As a former author, publisher, publicist and marketer, Kate Nash has seen every side of publishing and set up her own literary agency so she could do “the best job in publishing”. Kate’s reading tastes – from romance to thrillers – are highly commercial. Kate is listed at #20 in UK Fiction by Publishers Marketplace, based on number of deals made (Feb 2017). You can find Kate on Twitter @katenashagent.
“Agent, strange job isn’t it… working in the shadows so others can shine.”
(From Call My Agent!, Season. 2, Ep. 6)
When I started as an agent I already knew I didn’t smoke cigars or give a fig about being a “cultural gatekeeper”. My mission was simple: find some great books, get them published, earn authors a proper living. My mission today remains broadly similar: keep improving authors’ careers; keep breaking new talent. But behind this simplicity is a complicated and often nuanced job.
The fountain of optimism
Agents always see the upsides and the potential first. We want everything to work out, hence why we’ll often go beyond any official role and do what’s needed. We’re the cheery folk at parties who will fetch the drinks unasked and check the DJ has the right playlist on. For our authors we’re on a relentless journey upwards.
Always on alert
Foxes apparently do not sleep with one eye open but if they did it would be the perfect metaphor for a literary agent. It’s a 24/7/365 kind of job, verging on a vocation. Weekends and evenings are often dedicated to literary events and reading. Agents are always reading, mostly our clients’ books and submissions. When we read “for pleasure” it is work too and about keeping up with wider culture. We’re also desperate to absorb stories from other media, whether it’s the news or Netflix, to see the trends that might come next into books. On holiday agents keep their emails on.
Agents see everyone they work with as actual holistic people, not ants in a nest. Given that the entire role of agent is based on successful communication, agents often use fine judgement. We sometimes have to translate what is going on to one or more parties. Diplomatic skills can occasionally come in very handy.
Risks and imagination
Agents take risks but they do so imaginatively. Sometimes we are so far out on a limb we’re thankful we’re not halfway up a mountain because there’s no safety harness. Our imagination is a weapon in our arsenal to help promote our authors. We use it to communicate vision and future success to publishers. We use it to bond with our authors’ stories and see all the possibilities. Our daydreams about our author heading up to the podium for an award become calls to action.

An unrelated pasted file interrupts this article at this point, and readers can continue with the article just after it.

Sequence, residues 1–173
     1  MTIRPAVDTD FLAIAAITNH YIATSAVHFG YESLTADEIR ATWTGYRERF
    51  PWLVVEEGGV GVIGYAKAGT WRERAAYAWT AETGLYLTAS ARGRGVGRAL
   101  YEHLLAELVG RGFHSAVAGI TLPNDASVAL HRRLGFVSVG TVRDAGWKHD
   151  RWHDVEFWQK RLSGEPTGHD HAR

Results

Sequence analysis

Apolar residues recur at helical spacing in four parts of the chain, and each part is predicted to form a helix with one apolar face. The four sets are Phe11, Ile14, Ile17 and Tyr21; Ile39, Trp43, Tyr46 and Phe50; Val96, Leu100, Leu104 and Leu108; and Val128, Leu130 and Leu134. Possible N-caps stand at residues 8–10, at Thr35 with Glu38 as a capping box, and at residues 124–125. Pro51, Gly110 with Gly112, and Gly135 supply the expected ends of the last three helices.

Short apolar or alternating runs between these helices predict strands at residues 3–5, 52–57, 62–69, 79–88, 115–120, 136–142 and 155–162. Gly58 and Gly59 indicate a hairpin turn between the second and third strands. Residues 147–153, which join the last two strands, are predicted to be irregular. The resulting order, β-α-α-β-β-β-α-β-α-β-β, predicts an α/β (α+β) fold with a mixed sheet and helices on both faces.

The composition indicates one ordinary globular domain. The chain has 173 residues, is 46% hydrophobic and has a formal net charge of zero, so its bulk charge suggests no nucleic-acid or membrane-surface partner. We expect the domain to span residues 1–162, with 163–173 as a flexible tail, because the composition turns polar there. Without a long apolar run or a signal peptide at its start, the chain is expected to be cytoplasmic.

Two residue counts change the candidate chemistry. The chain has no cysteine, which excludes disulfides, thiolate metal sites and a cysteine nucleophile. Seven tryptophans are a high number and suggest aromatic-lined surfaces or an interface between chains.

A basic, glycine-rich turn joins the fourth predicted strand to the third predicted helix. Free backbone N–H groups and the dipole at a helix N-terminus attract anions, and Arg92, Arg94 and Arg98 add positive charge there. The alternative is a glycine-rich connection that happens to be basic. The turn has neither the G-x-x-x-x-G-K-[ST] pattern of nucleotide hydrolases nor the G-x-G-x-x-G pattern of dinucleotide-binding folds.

Your flexible friend
The agent’s mind is versatile and open. We perceive the gaps and the opportunities for a manuscript or an author beyond the obvious. Indeed we don’t stop thinking about it until we’re satisfied we’ve unearthed every possibility. Not all authors want the same thing from an agent and so we treat our authors as individuals. Sometimes our author is relying on our expertise and experience on career-changing decisions. At other times they just want someone non-judgmental to ask about how to sign back into Twitter.
Agents’ sense of time is acute. Whether it is placing a book at the right publisher at the right time or scurrying to Boots for unladdered tights for our author in time for her gig. Publishing time has an inconsistent pace and agents act as a chronometer for our authors. When we say, ”take the weekend, or “sleep on it” for a decision, our author knows that things are grinding along as usual. On other occasions we’re phoning, texting, messaging, trying to get hold of our client immediately.
Agents possess a will of iron. We don’t allow ourselves to be wheedled or flattered. Based on the sensory and empirical evidence we have gathered, we stick to our guns of acting in, and promoting, our clients’ interests at all times. Being a soft touch is not in our DNA.
The ultimate beta reader
Agents are readers. An individual agent has his or her own tastes and preferences but we are representative of at least a part of the reading public. We read material as ourselves the reader, wearing the mantle of the end reader even though we are often the first person to read our author’s newest work.
As a former author, publisher, publicist and marketer, Kate has seen every side of publishing and set up her own literary agency so she could do “the best job in publishing”. Kate’s reading tastes – from romance to thrillers – are highly commercial.